But as a player and as a character, my female space marine was more cognizant of her gender than almost any other character I’ve played has been. Subconsciously at first, but eventually as a purposeful character choice on my part, Boudicca volunteered to run in first – or just would do it without consulting her male colleagues. The psyker couldn’t use his big fire blast abilities half the time because I was in the middle of melee combat with a horde. Even after it was no longer an explicit plot point, Boudicca was going to prove she was worthy of being a space marine – worthy of continuing to live – by following through with that old adage that a woman must work twice as hard and be twice as good as a man to be seen as competent. While for the first session I had her following orders like a good little marine, after that she started running in, chain sword blazing, to make sure no one could accuse her of being weak/cowardly/etc.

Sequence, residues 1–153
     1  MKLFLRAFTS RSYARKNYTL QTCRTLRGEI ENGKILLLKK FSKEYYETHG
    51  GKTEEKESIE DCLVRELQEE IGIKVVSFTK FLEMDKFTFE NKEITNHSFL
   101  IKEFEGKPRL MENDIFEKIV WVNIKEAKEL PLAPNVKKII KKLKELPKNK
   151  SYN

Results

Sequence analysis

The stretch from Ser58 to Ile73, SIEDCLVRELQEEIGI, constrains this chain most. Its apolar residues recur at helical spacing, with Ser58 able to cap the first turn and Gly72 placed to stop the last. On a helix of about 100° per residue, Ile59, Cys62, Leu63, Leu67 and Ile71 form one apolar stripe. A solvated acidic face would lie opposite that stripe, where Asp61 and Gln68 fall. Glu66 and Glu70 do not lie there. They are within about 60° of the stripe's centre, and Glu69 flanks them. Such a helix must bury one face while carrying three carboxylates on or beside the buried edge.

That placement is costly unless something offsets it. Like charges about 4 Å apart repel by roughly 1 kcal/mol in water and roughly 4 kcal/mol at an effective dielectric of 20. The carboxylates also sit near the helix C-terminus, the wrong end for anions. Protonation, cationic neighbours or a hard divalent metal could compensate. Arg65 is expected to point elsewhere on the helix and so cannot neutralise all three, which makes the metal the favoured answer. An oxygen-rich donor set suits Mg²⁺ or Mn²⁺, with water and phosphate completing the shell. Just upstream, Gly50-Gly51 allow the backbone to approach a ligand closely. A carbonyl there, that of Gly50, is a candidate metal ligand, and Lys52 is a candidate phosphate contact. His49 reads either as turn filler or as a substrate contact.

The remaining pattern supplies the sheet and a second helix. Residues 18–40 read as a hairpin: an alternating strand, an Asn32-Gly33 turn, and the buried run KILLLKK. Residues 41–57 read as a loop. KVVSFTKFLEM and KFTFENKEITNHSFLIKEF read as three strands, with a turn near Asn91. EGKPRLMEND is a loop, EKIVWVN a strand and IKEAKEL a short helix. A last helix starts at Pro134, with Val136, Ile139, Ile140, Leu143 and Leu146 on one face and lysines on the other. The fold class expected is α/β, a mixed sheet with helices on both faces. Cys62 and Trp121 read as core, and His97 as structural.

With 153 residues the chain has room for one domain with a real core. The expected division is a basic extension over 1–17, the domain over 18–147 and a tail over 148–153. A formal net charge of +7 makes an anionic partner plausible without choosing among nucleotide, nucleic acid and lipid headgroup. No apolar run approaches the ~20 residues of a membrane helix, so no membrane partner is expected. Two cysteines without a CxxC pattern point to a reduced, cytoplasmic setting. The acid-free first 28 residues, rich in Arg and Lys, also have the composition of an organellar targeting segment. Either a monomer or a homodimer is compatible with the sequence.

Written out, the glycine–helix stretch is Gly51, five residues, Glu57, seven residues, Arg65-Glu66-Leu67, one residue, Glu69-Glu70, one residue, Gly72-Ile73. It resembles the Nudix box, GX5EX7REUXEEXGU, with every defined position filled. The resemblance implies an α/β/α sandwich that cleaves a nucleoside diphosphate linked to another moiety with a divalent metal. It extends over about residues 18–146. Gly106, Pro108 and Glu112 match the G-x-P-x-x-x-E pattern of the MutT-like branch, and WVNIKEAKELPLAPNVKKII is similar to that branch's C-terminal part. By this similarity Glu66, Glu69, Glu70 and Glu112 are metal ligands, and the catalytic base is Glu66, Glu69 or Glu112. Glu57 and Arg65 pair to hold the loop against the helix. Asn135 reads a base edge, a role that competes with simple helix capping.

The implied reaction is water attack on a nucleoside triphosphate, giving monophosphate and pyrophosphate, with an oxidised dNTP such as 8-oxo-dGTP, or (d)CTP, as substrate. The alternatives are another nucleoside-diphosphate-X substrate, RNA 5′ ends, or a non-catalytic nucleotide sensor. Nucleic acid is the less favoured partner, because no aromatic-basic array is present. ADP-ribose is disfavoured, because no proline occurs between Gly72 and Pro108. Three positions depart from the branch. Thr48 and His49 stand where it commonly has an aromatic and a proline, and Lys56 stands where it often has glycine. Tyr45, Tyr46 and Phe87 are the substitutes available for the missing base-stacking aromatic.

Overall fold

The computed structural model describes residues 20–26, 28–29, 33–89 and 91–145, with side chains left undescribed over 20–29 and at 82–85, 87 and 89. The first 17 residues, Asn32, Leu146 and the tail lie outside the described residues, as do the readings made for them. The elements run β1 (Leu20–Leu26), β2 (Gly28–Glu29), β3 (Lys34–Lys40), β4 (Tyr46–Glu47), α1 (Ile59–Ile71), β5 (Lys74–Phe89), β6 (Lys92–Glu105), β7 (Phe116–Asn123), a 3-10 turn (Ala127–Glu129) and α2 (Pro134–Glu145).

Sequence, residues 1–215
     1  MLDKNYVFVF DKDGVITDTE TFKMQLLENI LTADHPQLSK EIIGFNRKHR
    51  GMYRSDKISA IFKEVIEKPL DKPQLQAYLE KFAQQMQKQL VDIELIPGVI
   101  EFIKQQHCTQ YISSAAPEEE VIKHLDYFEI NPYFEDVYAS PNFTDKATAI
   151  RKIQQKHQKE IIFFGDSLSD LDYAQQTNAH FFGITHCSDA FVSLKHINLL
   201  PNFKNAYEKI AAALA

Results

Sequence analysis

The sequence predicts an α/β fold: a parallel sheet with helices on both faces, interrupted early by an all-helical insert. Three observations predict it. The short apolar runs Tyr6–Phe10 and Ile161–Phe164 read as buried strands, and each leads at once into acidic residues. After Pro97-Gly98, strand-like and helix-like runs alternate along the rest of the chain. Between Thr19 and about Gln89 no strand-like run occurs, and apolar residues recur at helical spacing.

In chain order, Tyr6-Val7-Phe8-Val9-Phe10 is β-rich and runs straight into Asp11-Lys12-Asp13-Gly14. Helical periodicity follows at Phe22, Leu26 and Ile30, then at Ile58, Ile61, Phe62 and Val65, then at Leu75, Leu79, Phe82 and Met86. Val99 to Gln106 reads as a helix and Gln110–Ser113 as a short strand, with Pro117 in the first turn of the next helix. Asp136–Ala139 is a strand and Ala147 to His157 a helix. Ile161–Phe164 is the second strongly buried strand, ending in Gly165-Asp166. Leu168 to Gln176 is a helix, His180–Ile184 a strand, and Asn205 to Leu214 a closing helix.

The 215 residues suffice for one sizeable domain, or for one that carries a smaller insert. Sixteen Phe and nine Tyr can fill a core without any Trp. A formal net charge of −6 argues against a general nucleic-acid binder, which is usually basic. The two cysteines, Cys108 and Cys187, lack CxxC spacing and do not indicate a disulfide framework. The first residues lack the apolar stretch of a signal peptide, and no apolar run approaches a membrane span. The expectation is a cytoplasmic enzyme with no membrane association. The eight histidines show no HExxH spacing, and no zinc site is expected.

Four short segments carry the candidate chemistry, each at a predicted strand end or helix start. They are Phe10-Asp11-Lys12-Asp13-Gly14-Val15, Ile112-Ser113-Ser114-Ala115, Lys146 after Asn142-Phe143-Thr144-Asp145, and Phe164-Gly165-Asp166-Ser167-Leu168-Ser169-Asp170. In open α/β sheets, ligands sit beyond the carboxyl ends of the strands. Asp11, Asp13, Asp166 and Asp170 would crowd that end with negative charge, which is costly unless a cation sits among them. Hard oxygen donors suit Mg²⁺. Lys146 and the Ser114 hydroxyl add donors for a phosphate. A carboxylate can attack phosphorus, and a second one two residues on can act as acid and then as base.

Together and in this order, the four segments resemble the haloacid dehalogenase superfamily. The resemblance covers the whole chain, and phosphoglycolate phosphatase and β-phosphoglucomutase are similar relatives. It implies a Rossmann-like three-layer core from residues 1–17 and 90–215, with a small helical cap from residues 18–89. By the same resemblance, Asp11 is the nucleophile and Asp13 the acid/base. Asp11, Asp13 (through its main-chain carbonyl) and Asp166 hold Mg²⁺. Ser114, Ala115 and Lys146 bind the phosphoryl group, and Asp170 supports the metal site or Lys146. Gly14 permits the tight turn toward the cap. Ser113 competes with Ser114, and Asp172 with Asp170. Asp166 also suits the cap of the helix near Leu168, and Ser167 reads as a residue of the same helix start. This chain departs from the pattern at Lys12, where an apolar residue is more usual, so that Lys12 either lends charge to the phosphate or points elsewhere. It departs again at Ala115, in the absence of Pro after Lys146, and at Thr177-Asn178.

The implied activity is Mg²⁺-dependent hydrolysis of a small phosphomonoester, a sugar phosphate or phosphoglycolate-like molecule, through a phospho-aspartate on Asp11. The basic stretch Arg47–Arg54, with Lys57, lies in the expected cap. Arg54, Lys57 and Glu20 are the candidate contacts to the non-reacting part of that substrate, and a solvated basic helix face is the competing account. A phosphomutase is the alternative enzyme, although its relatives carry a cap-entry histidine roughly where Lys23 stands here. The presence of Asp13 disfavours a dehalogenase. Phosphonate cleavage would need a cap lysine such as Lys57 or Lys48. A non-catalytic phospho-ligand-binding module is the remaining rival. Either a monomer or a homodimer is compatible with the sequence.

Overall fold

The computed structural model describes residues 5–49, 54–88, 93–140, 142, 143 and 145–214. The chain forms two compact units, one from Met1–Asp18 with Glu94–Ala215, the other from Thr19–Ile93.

As the campaign went along, the GM crafted an amazing story to explain the existence of a female space marine – there’s a reason why her name became Boudicca and it was a name that was a surprise gift at the end of the first session. The GM knew me well enough to figure that all he would have to do is give my character a mysterious vision of an ancient battle against some Romans and mention the name “Boudicca” for me to get excited. You can’t tell in the podcast version, but at the table I remember doing a big fist pump at the first mention of the name before letting out a big “FUCK YEAH!” Turns out, in our group’s version of this universe, that the “souls” of great heroes never truly die. The soul of Boudicca found a scared, broken young girl, taken away from everything she knew and loved at the hands of a mad man with a heretical idea, and Boudicca gave this girl the strength to not only survive, but to thrive, and become the first successful female space marine. Boudicca wasn’t the only soul we ran into over the course of the campaign, and it was awesome to see this story get woven together bit by bit and piece by piece, until the epic, grand finale where Boudicca the space marine finally earned the respect and the trust of her fellow marines.